- English as a Literature in Translation by Fiona J. Doloughan
Fiona J. Doloughan’s new study is an examination of contemporary novels in English through the prism of translation. Taking her departure in the translational turn in Humanities, Steven G. Kellman’s influential concept of literary translingualism, and English’s role as a lingua franca for non-native speakers worldwide, Doloughan sets out to discover how writers who have found English as opposed to having been born into it (e.g., Eva Hoffman, Ariel Dorfman, Xiaolu Guo) and bilingual writers or writers for whom a non-standard variety of English is the starting point (Gloria Anzaldúa, Sandra Cisneros, James Kelman) are changing the expression of literature in English.
Doloughan’s interest lies with what she coins as “narratives of translation,” that is, “works that thematize, narrativize and/or are structured around, questions of language, cultural identity and what it means to translate oneself or one’s culture” (79). The main focus of the study is not primarily the way the examined writers are changing the English literary language of today’s globalized world; rather, it is the thematic aspects that dominate—that is, how experiences of switching languages and/or moving through cultures are expressed in the chosen works.
It is an optimistic narrative Doloughan is writing. She wants “to suggest that the prototypical notion of language as loss, and translation of self and other as a predominantly painful and traumatic experience, have given way to a greater sense of what is to be gained, both at the individual and societal levels, through access to different languages and cultures” (1). She regards this development as correlating with a more positive understanding of bi- and multilingualism in linguistic research as well as in society.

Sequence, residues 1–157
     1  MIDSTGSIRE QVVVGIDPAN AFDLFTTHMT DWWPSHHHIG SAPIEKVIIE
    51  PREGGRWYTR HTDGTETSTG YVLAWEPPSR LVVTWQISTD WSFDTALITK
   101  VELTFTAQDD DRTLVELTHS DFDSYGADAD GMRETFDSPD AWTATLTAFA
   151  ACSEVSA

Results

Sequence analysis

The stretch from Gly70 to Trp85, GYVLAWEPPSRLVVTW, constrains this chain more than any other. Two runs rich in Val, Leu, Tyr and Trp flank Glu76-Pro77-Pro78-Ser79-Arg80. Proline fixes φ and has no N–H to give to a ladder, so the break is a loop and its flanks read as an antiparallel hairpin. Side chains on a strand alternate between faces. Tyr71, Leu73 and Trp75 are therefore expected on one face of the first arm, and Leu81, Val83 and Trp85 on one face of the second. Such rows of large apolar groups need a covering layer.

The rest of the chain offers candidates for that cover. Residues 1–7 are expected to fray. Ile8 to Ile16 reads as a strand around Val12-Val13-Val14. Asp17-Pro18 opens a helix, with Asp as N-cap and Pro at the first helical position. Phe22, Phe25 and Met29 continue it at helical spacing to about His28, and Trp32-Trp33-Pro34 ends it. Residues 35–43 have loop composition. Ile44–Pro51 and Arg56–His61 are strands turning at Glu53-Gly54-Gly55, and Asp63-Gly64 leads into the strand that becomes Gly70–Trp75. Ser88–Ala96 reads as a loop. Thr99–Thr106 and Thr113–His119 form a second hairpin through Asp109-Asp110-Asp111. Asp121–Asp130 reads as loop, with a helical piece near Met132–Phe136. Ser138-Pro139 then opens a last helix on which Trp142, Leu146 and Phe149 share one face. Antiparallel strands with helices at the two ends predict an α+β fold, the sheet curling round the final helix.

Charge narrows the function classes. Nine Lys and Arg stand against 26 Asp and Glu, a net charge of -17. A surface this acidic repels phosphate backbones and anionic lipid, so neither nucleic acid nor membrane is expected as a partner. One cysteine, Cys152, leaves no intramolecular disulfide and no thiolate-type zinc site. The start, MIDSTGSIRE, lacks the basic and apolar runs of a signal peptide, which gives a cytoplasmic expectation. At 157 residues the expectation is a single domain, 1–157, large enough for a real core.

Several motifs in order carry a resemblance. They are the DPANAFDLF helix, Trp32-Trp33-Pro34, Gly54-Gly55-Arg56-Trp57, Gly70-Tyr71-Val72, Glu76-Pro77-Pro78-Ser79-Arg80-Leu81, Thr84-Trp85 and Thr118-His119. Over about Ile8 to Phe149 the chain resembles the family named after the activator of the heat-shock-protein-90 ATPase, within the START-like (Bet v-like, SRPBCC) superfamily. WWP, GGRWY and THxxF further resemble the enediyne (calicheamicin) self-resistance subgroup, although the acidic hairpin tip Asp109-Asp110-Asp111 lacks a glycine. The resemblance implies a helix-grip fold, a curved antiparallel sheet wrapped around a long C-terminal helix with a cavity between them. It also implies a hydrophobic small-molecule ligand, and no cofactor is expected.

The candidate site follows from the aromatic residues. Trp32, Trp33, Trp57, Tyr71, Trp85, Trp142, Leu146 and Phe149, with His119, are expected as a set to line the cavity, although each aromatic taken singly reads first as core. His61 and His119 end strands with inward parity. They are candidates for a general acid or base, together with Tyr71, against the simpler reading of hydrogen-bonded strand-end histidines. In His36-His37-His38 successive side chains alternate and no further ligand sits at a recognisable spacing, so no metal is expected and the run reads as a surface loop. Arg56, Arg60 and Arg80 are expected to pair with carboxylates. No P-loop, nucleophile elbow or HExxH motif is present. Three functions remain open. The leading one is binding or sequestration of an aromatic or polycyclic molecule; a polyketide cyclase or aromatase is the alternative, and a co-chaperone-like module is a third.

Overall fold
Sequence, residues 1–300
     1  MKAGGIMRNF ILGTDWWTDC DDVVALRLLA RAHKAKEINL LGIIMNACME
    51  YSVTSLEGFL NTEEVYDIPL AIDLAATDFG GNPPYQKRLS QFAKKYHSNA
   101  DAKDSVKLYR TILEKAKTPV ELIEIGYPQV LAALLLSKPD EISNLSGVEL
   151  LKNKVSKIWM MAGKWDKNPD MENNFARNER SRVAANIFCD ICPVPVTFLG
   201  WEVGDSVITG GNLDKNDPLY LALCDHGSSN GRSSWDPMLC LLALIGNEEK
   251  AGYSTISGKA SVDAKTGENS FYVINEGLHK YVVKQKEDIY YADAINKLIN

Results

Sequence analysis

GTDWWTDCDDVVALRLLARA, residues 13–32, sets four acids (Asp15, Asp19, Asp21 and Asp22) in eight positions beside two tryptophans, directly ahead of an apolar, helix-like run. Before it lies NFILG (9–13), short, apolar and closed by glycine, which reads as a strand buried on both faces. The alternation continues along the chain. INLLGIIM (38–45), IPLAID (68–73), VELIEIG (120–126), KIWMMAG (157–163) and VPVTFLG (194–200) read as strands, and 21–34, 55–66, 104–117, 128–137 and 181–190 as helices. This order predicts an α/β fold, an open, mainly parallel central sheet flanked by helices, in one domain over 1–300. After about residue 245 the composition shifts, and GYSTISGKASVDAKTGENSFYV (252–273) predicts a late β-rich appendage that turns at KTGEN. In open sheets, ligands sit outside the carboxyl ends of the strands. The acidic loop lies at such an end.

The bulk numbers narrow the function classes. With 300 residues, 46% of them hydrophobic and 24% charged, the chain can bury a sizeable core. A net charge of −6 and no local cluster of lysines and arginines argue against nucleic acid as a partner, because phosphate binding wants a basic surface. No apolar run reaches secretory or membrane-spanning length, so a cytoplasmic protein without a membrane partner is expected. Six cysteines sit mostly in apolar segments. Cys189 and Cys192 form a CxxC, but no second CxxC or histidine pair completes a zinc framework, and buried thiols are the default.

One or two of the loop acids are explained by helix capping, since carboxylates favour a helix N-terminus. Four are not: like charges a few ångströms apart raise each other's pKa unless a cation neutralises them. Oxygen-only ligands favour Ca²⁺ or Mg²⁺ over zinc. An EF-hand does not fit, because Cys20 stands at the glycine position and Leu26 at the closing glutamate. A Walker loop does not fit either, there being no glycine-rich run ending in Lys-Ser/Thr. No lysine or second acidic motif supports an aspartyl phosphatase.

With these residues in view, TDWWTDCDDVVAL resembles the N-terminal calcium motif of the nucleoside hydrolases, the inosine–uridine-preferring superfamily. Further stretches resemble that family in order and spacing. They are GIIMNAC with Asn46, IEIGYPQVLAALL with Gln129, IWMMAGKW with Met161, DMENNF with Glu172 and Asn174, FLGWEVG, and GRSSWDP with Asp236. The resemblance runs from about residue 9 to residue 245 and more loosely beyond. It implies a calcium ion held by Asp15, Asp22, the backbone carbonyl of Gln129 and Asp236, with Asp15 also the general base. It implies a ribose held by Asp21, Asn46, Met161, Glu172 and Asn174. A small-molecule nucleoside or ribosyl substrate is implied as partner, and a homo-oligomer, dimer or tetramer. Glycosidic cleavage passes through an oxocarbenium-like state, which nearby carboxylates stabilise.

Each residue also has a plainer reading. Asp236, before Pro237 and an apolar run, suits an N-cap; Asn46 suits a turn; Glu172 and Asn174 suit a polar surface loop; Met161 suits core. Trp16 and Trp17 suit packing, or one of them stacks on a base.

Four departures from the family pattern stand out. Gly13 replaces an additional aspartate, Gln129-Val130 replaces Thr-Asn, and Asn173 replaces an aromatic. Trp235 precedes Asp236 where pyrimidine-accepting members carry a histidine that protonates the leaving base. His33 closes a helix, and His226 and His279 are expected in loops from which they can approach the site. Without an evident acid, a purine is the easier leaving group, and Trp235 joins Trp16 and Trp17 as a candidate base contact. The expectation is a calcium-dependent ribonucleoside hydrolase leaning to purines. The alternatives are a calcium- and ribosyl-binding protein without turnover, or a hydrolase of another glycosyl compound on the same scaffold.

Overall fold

While literary multilingualism undoubtedly is a vehicle for renewing literary expression, a question already extensively explored in literary scholarship (e.g., Doris Sommer’s Bilingual Aesthetics from 2004 and Hana Wirth-Nesher’s Call It English: The Languages of Jewish American Literature from 2006, just to mention a couple of works), the narrative of “from loss to gain” is problematic. Firstly, the chronology of the chosen works contradicts it. The most radical argument for linguistic and cultural hybridity as gain, not loss in the study, Anzaldúa’s classic Borderlands/La Frontera from 1987, is actually the oldest of the works, preceding Hoffman’s story of language learning as the loss of another language in Lost in Translation (1989) by two years. It also precedes, by over a decade, Ariel Dorfman’s memoirs with their eroticization of language ties in terms of bigamy—itself an excellent illustration of the monolingualist conception of the mother tongue as “a family romance” described by Yasemin Yildiz in Beyond the Mother Tongue (2012). [End Page 515]
Secondly, the transformation of literature in English by writers with a background in other languages is not a new phenomenon. Multilingual modernists like Beckett, Conrad, and Nabokov that Doloughan briefly mentions (162) were not exceptions to monolingualism; instead, translingualism, exile, and textual multilingualism are constitutional traits of European literary modernism (cf. Languages of Exile, eds. Englund & Olsson, 2013).
The highlight of Doloughan’s investigation is the chapter on Kelman’s use of Scottish dialect in How Late It Was, How Late (1994), as well as his “pseudotranslation” in Translated Accounts (2001). Here, we are dealing with internal linguistic variation marked by power differences, which offers a more nuanced dynamic where foreign and domestic become ambiguous categories. In this context, the question of loss and gain is pushed to the background in favor of an exploration of the ethics of storytelling through linguistic choices, something Doloughan explores with theoretic input from Bakhtin, Bhabha, and Spivak, among others. I would have liked to see this discussion on negotiation of form and theme continue in the chapter on Guo’s novels; instead, the accented English that Guo apparently struggled to get right is primarily mentioned as illustrative of the main character’s process of second language acquisition.